Social Stigma and Psychosis

Date of Award


Degree Name

M.A. in Clinical Psychology


Department of Psychology


Julie Walsh-Messinger


While stigma is generally attached to all mental illnesses, individuals who experience psychosis are reported to be one of the most stigmatized minority groups in society. The aim of this study was to explore different factors that might play a role in the stigmatization of individuals with this condition. More precisely, the present project examined the effects of auditory content valence (i.e., pleasant vs. neutral vs. unpleasant), participant spirituality (i.e., high vs. low), and diagnostic circumstance (i.e., psychosis in the context of a psychiatric disorder vs. a medical condition) on stigma towards psychosis, as well as the interaction between these three variables. Undergraduate students (N = 123) first completed a demographic questionnaire and a spirituality measure. A week later, participants were presented with six fictional descriptions of patients, three of whom were experiencing psychosis symptoms in the context of bipolar disorder I, and three who were experiencing psychosis in the context of a brain tumor. After reading each patient description, participants listened to five recordings simulating the fictional patient's auditory hallucinations. For each patient condition, participants were presented with auditory recordings of hallucinations that were pleasantly/positively valenced, neutrally valenced, and unpleasantly/negatively valenced. After reading each description and listening to the audio recordings, participants were asked to complete a questionnaire that measured their stigma towards the fictional patient. Results indicated that auditory content valence has a significant effect on stigma. More precisely, participants reported higher social stigma towards fictional patients with negatively valenced hallucinations compared to those with neutrally valenced hallucinations. At the same time, participants reported higher social stigma towards fictional patients with neutrally valenced hallucinations compared to those with positively valenced hallucinations. No main effects were found for diagnostic circumstance nor participant spirituality, and no interaction effects were observed. Overall, these findings are consistent with the idea that individuals whose auditory hallucinations are negative are viewed as more dangerous than those whose auditory hallucinations are neutral and/or positive. Given that no main effects were found for diagnostic context, these results also suggest that stigmatization does not increase when individuals are viewed as more mentally ill.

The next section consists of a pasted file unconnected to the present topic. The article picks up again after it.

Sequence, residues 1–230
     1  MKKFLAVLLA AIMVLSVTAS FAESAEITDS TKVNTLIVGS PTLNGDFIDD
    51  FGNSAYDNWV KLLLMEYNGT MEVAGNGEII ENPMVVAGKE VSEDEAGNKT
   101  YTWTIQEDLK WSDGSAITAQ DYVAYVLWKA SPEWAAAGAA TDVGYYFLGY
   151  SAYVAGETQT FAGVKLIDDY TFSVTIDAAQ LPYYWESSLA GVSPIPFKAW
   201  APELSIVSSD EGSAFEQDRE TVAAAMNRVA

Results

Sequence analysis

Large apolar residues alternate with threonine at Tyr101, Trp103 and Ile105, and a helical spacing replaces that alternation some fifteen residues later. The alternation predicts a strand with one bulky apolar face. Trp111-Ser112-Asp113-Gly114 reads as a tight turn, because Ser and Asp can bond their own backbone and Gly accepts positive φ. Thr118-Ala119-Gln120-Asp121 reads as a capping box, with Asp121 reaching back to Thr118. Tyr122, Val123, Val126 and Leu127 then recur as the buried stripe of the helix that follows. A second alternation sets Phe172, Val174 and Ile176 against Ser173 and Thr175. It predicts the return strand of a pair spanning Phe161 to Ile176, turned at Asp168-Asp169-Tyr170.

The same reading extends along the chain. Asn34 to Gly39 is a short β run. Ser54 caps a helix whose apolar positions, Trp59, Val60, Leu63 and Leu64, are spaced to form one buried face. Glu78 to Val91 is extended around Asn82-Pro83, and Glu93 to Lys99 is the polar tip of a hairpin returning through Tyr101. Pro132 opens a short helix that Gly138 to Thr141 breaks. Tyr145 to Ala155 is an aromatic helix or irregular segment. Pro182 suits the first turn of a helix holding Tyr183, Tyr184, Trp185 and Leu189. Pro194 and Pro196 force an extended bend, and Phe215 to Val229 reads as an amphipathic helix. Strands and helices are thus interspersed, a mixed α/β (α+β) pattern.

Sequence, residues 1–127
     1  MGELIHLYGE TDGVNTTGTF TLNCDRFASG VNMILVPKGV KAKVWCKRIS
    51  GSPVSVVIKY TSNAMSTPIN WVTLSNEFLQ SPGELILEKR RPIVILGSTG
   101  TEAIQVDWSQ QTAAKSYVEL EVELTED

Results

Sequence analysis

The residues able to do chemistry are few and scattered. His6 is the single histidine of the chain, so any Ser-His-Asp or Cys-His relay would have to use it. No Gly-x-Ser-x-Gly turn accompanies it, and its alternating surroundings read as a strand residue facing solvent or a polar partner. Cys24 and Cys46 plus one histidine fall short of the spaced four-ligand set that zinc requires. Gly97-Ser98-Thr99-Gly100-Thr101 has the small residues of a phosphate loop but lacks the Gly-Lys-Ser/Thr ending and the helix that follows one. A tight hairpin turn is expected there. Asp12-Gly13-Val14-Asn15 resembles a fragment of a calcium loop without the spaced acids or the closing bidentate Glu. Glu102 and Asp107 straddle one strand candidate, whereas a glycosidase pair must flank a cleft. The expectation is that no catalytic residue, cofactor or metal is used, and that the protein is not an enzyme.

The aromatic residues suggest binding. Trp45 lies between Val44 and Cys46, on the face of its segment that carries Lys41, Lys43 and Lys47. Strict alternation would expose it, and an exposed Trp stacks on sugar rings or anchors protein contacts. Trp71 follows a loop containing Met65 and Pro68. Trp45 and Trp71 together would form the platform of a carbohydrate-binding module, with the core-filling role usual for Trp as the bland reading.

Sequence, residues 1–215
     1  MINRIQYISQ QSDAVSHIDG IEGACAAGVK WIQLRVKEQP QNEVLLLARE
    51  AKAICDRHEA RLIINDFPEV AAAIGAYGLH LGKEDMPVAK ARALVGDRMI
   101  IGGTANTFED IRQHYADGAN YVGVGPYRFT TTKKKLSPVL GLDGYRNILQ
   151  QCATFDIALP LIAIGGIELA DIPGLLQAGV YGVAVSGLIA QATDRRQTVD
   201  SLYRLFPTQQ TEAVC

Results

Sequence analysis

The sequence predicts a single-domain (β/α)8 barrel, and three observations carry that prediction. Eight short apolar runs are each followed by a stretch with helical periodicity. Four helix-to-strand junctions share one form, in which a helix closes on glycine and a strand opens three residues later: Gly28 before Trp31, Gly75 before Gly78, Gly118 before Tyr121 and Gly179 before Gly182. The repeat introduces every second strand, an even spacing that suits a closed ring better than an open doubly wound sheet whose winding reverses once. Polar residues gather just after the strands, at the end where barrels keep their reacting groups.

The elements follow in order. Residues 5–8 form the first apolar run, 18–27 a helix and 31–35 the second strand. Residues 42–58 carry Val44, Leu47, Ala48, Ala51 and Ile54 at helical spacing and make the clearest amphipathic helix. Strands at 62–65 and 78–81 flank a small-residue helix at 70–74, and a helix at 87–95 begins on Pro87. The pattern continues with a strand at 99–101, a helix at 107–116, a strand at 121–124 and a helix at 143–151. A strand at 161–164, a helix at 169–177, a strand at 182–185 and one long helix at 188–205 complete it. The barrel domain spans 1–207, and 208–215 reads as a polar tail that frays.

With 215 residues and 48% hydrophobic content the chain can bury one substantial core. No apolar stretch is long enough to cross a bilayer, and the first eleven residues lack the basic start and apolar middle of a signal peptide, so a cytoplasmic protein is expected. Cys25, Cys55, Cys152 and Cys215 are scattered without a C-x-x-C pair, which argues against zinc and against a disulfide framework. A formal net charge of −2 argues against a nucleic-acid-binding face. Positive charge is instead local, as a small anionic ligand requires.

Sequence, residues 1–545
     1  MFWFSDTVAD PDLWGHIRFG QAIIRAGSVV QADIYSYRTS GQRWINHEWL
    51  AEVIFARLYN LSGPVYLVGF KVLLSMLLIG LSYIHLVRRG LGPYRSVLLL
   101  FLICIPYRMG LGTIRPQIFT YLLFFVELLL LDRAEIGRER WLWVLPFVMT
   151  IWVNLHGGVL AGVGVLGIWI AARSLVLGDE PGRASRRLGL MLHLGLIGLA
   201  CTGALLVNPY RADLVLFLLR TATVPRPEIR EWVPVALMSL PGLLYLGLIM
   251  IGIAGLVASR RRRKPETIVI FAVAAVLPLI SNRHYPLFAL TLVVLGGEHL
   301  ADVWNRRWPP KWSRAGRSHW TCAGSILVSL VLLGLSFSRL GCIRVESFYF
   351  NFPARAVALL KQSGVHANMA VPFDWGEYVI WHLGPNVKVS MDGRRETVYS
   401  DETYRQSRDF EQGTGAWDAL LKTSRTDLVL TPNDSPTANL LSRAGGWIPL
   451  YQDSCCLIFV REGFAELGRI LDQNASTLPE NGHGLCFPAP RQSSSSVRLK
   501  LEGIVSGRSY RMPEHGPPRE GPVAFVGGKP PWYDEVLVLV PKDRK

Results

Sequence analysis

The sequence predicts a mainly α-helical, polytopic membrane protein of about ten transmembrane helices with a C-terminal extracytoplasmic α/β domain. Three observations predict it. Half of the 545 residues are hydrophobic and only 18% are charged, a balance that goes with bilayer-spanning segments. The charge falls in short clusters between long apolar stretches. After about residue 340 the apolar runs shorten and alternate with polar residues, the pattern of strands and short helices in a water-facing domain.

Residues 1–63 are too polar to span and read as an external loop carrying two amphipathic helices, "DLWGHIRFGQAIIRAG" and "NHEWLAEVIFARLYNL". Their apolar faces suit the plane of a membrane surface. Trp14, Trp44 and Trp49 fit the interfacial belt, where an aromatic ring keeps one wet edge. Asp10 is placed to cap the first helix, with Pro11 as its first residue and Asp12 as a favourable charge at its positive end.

Clinical Psychology, Mental Health, Stigma, psychosis, hallucination content valence, diagnostic context, spirituality

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